sundayword BY PROSPER TINGINI
To worship God does not just mean kneeling down and saying some prayers to the Lord.
That would be meaningless unless accompanied by concrete actions covering a wide range of spheres.
The foremost important aspect is to whom we direct our prayers.
We Christians tend to vary in our approach on this.
Some of us channel our prayers to God through Jesus Christ.
Others just pray to Jesus Christ and end there.
Another group of Christians opt to pray direct to God the Creator.
Such are the variances in approach in our direction of prayers.
Whatever the case, the destination of all our prayers should be the Lord our God, the Father.
No society can exist without any rules or regulations, otherwise there would be total chaos. Confusion would reign.
Such was the state of the universe before Creation.
God brought some order by commanding everything of His creations to be in its rightful place.
To humans, He gave guidelines on how to live and conduct ourselves.
Top on the list was our relationship with Him. It is no wonder that the first four commandments exclusively touch on our link with Him.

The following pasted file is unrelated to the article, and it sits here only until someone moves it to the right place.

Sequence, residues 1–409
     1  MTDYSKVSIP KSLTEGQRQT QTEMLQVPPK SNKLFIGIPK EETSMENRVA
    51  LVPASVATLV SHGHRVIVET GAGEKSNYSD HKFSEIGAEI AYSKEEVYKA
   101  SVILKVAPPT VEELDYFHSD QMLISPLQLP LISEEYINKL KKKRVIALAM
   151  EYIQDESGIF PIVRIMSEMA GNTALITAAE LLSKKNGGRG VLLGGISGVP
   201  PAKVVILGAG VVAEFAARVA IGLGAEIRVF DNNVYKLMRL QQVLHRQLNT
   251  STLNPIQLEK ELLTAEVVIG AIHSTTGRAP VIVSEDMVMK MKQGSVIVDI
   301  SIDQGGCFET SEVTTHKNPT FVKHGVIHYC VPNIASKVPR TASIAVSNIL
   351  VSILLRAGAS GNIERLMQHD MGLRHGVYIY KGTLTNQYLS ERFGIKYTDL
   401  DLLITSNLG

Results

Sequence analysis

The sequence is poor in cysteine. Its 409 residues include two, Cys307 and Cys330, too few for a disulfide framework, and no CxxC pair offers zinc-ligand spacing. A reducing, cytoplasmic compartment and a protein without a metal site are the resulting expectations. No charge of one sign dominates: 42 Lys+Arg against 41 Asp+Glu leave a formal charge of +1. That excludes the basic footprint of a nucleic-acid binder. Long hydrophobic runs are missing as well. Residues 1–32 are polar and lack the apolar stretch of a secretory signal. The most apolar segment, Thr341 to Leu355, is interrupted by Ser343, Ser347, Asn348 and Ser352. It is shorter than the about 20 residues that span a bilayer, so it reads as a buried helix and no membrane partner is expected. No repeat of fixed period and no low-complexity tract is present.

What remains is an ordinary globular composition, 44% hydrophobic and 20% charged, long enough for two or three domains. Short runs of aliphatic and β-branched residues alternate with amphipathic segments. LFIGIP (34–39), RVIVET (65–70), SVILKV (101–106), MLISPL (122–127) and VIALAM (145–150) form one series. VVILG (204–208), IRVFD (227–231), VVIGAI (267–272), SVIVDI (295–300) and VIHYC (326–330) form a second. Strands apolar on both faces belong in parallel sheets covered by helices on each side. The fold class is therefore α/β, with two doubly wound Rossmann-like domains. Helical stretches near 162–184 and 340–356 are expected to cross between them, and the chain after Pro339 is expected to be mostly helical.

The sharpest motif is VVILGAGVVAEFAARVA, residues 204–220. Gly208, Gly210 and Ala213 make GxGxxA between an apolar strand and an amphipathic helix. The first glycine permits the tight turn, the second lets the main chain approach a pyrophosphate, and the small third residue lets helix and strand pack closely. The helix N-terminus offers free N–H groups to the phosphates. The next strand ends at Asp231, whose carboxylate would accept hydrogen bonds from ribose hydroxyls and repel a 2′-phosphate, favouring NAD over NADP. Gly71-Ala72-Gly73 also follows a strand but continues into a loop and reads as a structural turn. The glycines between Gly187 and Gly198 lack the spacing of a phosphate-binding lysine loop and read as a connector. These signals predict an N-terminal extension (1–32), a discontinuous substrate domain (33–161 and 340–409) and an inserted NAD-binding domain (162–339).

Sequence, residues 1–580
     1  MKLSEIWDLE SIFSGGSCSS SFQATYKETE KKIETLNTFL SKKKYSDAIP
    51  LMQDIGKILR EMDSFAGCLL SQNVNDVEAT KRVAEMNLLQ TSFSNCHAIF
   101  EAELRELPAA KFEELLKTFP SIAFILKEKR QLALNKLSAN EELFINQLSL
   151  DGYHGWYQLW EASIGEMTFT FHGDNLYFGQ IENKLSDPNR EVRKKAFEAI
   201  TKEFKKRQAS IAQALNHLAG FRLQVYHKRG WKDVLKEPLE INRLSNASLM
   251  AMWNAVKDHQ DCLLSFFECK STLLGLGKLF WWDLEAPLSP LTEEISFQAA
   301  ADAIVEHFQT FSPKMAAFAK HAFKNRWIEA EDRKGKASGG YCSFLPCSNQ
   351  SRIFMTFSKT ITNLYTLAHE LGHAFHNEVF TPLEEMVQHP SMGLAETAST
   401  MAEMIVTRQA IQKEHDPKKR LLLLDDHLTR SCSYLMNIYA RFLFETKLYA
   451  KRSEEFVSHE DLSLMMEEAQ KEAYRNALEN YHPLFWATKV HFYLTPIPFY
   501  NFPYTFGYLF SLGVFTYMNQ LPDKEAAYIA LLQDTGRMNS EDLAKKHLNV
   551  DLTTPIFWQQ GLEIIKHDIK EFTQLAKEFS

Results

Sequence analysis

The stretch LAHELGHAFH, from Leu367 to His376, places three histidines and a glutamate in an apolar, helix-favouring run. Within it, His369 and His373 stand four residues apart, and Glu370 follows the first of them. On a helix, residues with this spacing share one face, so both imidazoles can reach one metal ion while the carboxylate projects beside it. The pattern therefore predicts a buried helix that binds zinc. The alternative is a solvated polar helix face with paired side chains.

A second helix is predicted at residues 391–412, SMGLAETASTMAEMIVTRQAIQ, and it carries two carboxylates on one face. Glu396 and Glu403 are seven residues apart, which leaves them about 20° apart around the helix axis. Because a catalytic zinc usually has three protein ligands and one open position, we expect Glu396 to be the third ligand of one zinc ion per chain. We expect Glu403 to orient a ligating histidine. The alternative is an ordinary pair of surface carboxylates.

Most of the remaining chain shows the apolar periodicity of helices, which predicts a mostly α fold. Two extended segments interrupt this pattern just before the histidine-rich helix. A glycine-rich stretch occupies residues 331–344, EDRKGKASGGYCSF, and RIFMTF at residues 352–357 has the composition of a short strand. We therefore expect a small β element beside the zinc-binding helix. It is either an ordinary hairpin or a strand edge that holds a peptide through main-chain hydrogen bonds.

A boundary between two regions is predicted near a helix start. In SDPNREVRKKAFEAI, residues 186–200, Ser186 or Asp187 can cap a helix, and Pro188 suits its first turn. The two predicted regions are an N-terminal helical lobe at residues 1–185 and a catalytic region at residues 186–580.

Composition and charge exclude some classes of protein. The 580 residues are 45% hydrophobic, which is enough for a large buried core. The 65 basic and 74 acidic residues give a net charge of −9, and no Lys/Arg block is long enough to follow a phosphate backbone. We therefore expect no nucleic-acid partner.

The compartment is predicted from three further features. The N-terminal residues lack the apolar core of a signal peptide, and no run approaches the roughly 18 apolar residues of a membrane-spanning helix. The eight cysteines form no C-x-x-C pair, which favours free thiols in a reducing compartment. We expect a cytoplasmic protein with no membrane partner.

Regarding the direction of our prayers, He gave the first and most important of all teachings: “You shall have no other gods before me” (Exodus 20:3). He followed this up with the second commandment as an expansion of the first: “You shall not make for yourself a graven image or any likeness of anything that is in the heaven above, or that is in the earth beneath or that is in the water under the earth; you shall not bow down to them or serve them for I the Lord your
God am a jealous God” (Exodus 20:4-5). Let us be guided by His words whenever we pray.
God created human beings as equals. However, each of us is able to gain His favour as a result of our moral goodness and devoutness. Foremost in everyone of us should be our gratitude to Him for affording each of us the opportunity to be part of His creations on this planet. It is important that we should all individually thank Him for our presence here, and for what He made each of us to be in whatever our roles in society. Being mindful of God sows the seeds for our faith.
Worship is not just confined to the performance of rites like prayers, paying tithes, offerings of any other kinds, fasting etc. Worship is a wholesome matter that encompasses what each of us says or does for a pleasing cause.
All our good works pleases the Lord our God. Every good deed of righteousness earns you a bonus from the Lord, even when you don’t seek a reward for it. Any acts of kindness are thus a pleasure to God even when these acts are performed as a duty in society. Worship is thus a concept which is comprehensive in nature, which includes all the positive activities of an individual.
The love for the Lord our God and the love other human beings around us are the two most important cornerstones of our worship. Worship should be centred around these two aspects of our daily living.